North Korea Plagiarizes Sesame Street

A company in North Korea, a country known for faked U.S. currency, unicorn sightings and TIME's Person of the Year award, appears to have moved into the lucrative business of plagiarizing Big Bird.

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Big Bird and other Sesame Street puppet charactors pose next to temporary street sign November 9, 2009 at West 64th Street and Broadway in New York on the eve of the 40th anniversary of the broadcast of the children's television show.

A company in North Korea, a country known for faked U.S. currency, unicorn sightings and TIME’s Person of the Year award, appears to have moved into the lucrative business of plagiarizing Big Bird.

The Kyonghung Trading Corporation is advertising its own, unauthorized versions of Sesame Street stuffed toys, featuring characters like Big Bird, Cookie Monster and Elmo, in the North Korean quarterly Foreign Trade magazine. The company was established in 2005 and “employs a large number of toy experts and skilled workers with elaborate craftsmanship,”Kyonghung’s ad, spotted by NK News, reads. “Its annual output is hundreds of thousands of pieces.” The Pyongyang-based company is been producing the counterfeit toys for export abroad, prompting condemnation by Sesame Street copyright holdersSesame Workshop.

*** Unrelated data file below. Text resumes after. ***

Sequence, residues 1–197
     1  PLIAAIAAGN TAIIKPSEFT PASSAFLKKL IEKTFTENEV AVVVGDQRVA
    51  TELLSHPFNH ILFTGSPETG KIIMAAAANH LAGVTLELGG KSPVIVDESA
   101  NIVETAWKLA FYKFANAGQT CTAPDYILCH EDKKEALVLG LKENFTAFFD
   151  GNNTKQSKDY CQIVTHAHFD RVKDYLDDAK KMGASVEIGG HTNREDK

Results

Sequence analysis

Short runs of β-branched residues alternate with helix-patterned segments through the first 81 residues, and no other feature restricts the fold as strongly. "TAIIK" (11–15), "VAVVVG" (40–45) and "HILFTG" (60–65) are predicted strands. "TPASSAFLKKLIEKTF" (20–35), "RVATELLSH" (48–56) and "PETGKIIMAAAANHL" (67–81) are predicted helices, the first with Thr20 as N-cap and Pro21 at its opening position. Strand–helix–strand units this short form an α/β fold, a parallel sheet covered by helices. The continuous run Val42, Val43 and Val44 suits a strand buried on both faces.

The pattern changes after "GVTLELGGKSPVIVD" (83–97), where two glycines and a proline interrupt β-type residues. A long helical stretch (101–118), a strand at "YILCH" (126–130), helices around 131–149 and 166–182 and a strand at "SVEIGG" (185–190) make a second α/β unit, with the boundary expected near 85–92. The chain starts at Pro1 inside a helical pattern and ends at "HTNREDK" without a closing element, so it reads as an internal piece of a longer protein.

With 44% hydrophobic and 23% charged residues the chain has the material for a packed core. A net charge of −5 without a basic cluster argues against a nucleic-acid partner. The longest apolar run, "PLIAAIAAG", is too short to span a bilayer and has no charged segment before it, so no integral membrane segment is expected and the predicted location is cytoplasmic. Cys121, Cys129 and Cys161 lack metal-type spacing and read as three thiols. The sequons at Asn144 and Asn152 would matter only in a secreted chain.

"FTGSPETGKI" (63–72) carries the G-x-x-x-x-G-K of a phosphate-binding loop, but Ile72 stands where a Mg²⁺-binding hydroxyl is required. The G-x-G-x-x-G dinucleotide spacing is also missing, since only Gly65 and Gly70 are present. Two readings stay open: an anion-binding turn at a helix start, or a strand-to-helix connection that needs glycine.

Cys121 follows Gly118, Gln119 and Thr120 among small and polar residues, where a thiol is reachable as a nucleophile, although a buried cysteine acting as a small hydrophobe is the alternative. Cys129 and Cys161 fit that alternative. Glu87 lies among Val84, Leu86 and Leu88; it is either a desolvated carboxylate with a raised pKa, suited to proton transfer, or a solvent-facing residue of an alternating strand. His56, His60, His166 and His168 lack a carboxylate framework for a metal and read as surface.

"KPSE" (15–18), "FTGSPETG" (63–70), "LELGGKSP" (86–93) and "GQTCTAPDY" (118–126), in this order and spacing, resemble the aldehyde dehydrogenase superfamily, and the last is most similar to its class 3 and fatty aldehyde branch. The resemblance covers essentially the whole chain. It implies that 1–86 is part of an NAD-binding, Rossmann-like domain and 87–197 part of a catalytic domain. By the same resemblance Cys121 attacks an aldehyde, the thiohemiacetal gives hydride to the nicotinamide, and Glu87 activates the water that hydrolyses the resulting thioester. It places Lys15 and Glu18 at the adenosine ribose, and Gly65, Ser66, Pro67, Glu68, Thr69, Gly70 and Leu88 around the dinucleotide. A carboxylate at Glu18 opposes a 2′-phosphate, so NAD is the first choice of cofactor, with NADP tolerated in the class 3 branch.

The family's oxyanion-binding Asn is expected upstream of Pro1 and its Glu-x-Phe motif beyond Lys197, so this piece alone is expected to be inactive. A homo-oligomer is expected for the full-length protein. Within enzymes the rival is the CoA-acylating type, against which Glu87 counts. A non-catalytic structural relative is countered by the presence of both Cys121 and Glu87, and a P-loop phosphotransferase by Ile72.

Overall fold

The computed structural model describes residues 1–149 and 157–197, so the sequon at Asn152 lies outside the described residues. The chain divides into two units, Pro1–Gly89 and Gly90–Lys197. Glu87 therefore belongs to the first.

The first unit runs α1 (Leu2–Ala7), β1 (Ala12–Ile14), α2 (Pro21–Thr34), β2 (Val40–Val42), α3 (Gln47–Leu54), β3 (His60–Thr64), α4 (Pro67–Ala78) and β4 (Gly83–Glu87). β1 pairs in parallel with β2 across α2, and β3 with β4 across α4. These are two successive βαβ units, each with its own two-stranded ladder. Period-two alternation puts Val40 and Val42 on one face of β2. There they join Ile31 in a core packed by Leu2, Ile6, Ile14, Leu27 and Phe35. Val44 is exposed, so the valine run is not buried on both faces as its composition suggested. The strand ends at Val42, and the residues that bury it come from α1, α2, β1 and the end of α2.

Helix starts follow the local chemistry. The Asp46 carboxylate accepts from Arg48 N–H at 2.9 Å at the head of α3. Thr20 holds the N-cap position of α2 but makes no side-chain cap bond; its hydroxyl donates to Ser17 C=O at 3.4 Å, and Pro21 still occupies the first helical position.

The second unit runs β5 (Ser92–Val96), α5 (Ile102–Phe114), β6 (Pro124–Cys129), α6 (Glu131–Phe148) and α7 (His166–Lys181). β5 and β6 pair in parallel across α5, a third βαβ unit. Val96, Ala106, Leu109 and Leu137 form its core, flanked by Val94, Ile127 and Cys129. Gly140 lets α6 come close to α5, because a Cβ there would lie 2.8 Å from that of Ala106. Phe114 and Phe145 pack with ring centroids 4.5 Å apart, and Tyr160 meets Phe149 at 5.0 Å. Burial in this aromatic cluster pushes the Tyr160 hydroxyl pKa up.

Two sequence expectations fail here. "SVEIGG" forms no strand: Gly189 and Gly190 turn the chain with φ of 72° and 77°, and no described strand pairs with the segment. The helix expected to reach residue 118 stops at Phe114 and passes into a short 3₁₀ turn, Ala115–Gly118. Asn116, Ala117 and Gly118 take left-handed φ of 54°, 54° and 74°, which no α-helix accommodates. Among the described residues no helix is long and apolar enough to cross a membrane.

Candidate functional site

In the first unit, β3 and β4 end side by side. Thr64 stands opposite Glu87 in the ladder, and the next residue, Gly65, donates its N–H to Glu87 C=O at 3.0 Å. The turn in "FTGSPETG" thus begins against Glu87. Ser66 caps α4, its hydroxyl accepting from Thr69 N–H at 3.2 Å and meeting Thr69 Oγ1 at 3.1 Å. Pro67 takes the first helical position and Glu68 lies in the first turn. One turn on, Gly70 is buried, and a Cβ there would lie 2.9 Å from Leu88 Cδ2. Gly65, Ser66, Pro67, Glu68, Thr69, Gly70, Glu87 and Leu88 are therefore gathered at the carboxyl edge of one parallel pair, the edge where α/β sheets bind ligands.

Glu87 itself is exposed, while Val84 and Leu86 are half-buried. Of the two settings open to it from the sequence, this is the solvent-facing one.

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Sesame Workshop said it believed the toys were “unauthorized” in an emailed statement to Voice of America, adding that the North Korean knockoffs look “confusingly similar” to the licensed stuffed Big Birds manufactured by the New Jersey-based toymaker GUND.

U.S. sanctions against North Korea do not allow outsourcing to the repressive North Korean regime. In 2011, a BBC investigation revealed that some cashmere sweaters labelled “Made in Scotland” were in fact manufactured by North Korean workers at a Mongolian factory under questionable working conditions. North Korean workers in Mongolia “are monitored closely by ‘minders’ from their government, and many are believed to be subject to DPRK government pressure because of family members left behind in North Korea,” a U.S. diplomatic cable released by Wikileaks revealed. “The workers reportedly do not routinely receive direct and full salary payments.”

Since the U.S. and North Korea don’t have diplomatic relations, little can be done to prevent further counterfeiting. The case is reminiscent of another incident in July last year, when the U.S. media giant Walt Disney complained when the country’s 30 year-old dictator Kim Jong Un made a stage appearance in Pyongyang along with unlicensed versions of Mickey Mouse and Winnie the Pooh.

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